is the cutting out of an organ, tissue, or other body part from the patient. Transplant surgery is the
replacement of an organ or body part by insertion of another from different human (or animal) into the
patient. Removing an organ or body part from a live human or animal for use in transplant is also a type of
When surgery is performed on one organ system or structure, it may be classed by the organ, organ system
or tissue involved. Examples include cardiac surgery (performed on the heart), gastrointestinal surgery
(performed within the digestive tract and its accessory organs), and orthopedic surgery (performed on bones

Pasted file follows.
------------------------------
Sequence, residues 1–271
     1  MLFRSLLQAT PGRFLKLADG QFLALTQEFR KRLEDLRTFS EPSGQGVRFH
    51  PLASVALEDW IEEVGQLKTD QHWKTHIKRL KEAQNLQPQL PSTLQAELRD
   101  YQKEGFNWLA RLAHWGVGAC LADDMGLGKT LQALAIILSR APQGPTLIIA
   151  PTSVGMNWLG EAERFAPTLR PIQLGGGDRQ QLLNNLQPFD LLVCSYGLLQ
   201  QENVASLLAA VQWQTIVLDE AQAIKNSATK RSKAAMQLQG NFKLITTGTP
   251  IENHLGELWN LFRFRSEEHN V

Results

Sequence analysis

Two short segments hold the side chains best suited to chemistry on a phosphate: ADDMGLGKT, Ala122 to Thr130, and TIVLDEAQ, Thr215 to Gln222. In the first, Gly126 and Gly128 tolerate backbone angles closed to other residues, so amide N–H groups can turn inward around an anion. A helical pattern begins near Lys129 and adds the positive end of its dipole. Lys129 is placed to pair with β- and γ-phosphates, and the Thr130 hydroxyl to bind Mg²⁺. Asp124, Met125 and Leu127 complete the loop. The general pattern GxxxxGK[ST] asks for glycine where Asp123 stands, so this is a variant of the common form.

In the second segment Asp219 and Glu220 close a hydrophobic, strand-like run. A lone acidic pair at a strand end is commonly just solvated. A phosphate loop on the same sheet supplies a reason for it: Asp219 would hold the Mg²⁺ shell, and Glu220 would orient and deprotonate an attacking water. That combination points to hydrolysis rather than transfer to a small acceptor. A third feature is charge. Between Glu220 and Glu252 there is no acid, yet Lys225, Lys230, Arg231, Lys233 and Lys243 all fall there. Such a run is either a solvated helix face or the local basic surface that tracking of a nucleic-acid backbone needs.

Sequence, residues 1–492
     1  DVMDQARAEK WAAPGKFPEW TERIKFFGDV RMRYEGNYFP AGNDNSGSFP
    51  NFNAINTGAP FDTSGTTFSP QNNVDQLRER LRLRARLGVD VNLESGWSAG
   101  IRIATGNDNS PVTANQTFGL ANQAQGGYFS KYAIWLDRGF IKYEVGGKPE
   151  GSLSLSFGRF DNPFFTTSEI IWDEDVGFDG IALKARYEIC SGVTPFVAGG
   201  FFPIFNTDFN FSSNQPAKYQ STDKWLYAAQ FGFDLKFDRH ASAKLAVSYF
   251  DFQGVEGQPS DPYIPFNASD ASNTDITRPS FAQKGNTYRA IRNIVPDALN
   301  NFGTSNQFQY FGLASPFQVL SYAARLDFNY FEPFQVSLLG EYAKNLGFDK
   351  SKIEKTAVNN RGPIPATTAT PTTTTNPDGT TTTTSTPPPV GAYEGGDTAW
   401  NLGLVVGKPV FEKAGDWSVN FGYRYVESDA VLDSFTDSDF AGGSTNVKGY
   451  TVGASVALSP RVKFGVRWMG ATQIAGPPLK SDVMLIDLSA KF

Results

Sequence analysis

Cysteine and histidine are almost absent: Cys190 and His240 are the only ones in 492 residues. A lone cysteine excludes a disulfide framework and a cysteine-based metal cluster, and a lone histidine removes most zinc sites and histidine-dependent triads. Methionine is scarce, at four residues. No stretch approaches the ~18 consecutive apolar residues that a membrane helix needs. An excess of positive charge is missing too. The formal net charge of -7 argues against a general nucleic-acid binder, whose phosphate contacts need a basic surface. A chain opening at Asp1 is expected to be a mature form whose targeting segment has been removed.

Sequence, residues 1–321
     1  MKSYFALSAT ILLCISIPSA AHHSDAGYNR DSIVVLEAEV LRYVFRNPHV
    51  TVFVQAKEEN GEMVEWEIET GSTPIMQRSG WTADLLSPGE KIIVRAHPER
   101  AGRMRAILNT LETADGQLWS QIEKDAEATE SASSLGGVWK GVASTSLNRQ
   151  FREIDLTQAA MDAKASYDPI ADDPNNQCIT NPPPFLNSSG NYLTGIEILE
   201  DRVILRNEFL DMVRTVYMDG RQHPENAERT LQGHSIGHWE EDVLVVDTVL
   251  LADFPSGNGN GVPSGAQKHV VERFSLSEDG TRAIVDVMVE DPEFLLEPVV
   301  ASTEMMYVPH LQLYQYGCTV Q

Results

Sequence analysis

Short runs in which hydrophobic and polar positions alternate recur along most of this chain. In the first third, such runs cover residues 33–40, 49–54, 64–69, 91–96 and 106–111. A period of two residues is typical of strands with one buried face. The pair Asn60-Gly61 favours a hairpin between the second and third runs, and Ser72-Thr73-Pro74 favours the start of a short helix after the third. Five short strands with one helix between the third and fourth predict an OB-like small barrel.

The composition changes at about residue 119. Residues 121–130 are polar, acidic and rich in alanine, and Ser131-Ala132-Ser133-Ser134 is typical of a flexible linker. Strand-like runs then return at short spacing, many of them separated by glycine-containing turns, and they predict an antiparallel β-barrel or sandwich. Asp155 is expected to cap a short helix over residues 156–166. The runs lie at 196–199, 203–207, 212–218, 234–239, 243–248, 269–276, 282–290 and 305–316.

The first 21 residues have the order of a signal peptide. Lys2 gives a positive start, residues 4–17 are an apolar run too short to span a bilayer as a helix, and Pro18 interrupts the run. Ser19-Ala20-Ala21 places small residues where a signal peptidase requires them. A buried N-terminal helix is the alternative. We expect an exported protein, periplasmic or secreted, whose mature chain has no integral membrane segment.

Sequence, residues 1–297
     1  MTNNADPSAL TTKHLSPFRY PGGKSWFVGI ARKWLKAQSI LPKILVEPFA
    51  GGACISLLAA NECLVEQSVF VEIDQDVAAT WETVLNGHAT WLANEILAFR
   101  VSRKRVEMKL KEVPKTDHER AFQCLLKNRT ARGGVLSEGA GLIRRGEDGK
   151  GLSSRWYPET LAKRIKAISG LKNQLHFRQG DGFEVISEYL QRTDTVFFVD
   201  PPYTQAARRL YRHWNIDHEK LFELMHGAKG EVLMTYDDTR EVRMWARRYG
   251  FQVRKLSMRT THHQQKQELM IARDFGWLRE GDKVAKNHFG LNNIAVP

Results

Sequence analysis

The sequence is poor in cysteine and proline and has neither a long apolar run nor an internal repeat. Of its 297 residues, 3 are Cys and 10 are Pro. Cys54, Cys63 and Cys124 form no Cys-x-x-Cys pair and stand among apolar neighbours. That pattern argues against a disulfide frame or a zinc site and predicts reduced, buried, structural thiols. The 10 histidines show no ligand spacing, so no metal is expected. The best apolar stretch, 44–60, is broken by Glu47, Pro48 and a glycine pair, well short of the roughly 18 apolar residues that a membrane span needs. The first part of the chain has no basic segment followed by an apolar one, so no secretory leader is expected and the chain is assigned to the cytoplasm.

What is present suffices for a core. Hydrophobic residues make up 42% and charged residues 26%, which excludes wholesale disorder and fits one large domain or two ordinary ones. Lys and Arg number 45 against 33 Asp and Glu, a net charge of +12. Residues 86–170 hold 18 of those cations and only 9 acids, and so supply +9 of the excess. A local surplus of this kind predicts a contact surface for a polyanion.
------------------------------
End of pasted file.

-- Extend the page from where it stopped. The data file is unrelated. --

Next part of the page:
and/or muscles).
Minimally invasive surgery involves smaller outer incision(s) to insert miniaturized instruments within a body
cavity or structure, as in laparoscopic surgery or angioplasty. By contrast, an open surgical procedure
requires a large incision to access the area of interest. Laser surgery involves use of a laser for cutting tissue
instead of a scalpel or similar surgical instruments. Microsurgery involves the use of an operating microscope
for the surgeon to see small structures. Robotic surgery makes use of a surgical robot, such as the Da Vinci
or the Zeus surgical systems, to control the instrumentation under the direction of the surgeon.
• Excision surgery names often start with a name for the organ to be excised (cut out) and end in
• Procedures involving cutting into an organ or tissue end in -otomy. A surgical procedure cutting